Well-attended panels of Knowledge Politics and Policies section in Wroclaw

Three. Managing human capital

Ever since universities began to corporatise, researchers have relentlessly emphasised tensions between market logics and the logics of academic profession. Whatever the pressures put on them, academics have constantly refused to change all their “colours” for policymakers. For example, as follows from Ingvild Reymert’s (NIFU – the Nordic Institute for Studies in Innovation, Research and Education) research on professor recruitment in top Norwegian universities, the pervasive use of metrics in the academy had only a modest effect on peer review evaluations. ‘Academic tribes’ customised the metrics for own disciplines, and their iterations have remained fairly stable over time.

 

So, what makes the academics run the rat race of publishing in high-impact journals and citation indices? Is this the only thing they can do best, do they mainly seek promotion, or do they genuinely appreciate bibliometric criteria when it comes to talent decisions? Luis Sanz-Menéndez and Laura Cruz-Castro (Universidad Autònoma de Madrid – Instituto de Políticas y Bienes Públicos del CSIC) addressed this question in a large-scale survey of Spanish academics. They found that those who endorsed bibliometric data as one indication of scholarly merit were generally motivated by selfless considerations. The most important attitude predictor was the degree of affinity between the logic of productivity, views on the mission of universities, and professional ethos. Thus, the weaker is the clash of cultures, the easier it is to engage the faculty in managerial innovations, quod erat demonstrandum.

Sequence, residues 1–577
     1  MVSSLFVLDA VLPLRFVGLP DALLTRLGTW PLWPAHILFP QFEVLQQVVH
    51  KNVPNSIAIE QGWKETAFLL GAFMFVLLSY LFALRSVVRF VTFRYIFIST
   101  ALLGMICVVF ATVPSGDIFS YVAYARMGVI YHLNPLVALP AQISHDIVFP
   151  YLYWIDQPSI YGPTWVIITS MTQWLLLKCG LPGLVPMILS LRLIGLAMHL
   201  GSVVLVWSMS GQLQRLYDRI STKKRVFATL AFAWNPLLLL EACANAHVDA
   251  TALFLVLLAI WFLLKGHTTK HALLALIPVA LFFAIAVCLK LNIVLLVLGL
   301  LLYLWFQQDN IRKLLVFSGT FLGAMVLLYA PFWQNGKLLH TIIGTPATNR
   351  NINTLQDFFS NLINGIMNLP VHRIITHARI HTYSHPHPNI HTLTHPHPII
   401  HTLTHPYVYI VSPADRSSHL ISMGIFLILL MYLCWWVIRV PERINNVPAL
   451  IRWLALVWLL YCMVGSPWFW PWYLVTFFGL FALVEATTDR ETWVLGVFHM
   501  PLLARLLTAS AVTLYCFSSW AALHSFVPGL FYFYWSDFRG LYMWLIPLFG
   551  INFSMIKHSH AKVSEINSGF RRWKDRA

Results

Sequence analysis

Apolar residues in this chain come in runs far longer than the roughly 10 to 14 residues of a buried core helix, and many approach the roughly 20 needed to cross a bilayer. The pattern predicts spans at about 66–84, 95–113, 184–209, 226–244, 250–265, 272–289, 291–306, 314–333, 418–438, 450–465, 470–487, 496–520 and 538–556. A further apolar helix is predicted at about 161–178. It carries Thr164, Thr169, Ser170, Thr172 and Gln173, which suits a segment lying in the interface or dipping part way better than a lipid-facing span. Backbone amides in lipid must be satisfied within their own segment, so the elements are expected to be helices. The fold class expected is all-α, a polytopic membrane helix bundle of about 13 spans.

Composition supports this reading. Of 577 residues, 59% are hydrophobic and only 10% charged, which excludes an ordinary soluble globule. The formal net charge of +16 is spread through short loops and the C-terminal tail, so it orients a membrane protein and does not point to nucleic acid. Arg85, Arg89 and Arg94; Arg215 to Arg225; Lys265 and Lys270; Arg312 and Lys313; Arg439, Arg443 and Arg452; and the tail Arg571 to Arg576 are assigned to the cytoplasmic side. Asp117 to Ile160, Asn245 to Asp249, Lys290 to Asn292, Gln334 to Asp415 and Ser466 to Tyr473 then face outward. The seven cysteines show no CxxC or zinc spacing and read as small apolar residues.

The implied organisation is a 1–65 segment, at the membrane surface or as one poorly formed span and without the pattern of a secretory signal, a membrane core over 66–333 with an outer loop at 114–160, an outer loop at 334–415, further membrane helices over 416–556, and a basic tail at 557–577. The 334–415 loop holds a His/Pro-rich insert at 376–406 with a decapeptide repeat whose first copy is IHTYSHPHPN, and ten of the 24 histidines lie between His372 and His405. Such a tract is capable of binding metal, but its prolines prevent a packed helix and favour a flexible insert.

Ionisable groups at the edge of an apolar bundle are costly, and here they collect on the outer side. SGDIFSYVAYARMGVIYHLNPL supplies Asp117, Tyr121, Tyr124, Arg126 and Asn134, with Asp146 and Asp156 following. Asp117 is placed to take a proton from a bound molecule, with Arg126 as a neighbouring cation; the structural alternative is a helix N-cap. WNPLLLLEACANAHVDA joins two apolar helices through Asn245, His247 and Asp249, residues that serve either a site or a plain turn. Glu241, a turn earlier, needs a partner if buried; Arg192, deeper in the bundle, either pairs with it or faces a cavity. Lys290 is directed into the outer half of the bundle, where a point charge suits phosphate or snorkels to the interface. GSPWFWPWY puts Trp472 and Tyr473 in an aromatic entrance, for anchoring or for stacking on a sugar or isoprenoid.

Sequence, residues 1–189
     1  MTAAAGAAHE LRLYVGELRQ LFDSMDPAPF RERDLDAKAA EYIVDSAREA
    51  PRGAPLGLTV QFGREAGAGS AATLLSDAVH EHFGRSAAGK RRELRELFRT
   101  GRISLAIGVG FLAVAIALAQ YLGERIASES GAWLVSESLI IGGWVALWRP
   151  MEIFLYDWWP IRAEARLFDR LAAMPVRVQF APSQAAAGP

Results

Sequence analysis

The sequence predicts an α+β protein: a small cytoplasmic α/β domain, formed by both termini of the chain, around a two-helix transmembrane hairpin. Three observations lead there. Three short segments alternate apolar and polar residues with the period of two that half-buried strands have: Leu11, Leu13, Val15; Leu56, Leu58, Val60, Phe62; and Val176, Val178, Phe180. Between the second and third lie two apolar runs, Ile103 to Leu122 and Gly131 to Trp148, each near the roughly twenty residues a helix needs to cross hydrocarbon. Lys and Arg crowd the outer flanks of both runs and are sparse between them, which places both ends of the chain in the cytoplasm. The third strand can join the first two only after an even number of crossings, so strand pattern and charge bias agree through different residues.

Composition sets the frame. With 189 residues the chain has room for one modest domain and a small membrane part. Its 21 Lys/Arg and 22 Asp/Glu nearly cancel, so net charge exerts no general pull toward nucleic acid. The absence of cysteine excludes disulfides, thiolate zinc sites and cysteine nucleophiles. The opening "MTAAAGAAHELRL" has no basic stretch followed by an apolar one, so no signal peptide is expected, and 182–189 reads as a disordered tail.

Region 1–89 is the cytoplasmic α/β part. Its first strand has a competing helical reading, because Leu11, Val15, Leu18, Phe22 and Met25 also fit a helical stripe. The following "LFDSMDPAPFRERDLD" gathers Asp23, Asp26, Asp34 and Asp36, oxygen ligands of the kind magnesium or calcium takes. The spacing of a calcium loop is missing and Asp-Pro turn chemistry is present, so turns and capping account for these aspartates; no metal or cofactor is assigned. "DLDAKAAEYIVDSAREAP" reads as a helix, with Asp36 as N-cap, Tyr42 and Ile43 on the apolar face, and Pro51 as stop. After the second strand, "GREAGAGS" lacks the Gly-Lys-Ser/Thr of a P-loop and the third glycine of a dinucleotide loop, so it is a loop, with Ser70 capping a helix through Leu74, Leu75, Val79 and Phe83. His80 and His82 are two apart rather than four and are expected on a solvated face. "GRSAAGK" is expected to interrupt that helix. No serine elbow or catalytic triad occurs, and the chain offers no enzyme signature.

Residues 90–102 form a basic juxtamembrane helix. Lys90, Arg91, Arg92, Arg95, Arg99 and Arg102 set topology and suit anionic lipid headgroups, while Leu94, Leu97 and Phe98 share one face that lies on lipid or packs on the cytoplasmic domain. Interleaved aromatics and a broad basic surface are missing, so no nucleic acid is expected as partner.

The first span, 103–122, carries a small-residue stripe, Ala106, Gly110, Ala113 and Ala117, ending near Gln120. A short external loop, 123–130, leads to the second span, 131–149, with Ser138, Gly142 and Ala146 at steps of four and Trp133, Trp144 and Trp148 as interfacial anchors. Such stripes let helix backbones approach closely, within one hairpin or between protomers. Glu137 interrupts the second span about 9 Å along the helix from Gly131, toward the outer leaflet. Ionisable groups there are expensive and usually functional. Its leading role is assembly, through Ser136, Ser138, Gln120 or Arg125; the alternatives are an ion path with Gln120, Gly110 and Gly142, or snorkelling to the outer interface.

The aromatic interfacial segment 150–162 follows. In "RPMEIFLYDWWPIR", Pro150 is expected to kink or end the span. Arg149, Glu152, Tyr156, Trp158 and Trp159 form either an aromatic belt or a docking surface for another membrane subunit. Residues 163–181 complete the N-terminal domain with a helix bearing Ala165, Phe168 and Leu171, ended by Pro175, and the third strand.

In all fairness, research universities are not alone in struggling to manage their knowledge capital. For their part, universities of applied sciences are concerned with keeping teaching and learning up to speed with the newest developments on the factory floor. In this respect, Hans Frederik (Vrije Universiteit Amsterdam) observed how knowledge circulated between the workplace, students, and lecturers. Among other things, this paper pointed to a loose coupling between lecturers’ work and organisation’s administration that could backfire on the capacity of faculty members to absorb professional knowledge.

 

To be sure, the magic number of three does not exhaust all possible ways to manage knowledge. Moreover, this year’s discussions cast a long shadow on the very assumption that knowledge can be and is to be managed. What sense does it make to create global templates when they get filtered everyhow on multiple levels? Are the instruments not right, or is the idea of instrumental governance fundamentally wrong? How can managers deal with non-instrumental aspects of knowledge creation and dissemination? To answer these questions, let us keep counting, criticising, and communicating. Welcome to join in our conversation next year at the 14th ECPR General Conference in Innsbruck!

 

Sofya Kopelyan is a PhD Candidate at the Centre for Higher Education Policy Studies (CHEPS), University of Twente. Her research project is part of RUNIN, an MSCA ITN programme on the role of universities in innovation and regional development. Sofya explores the implications of strategic organisational governance for the regional missions of innovative European universities.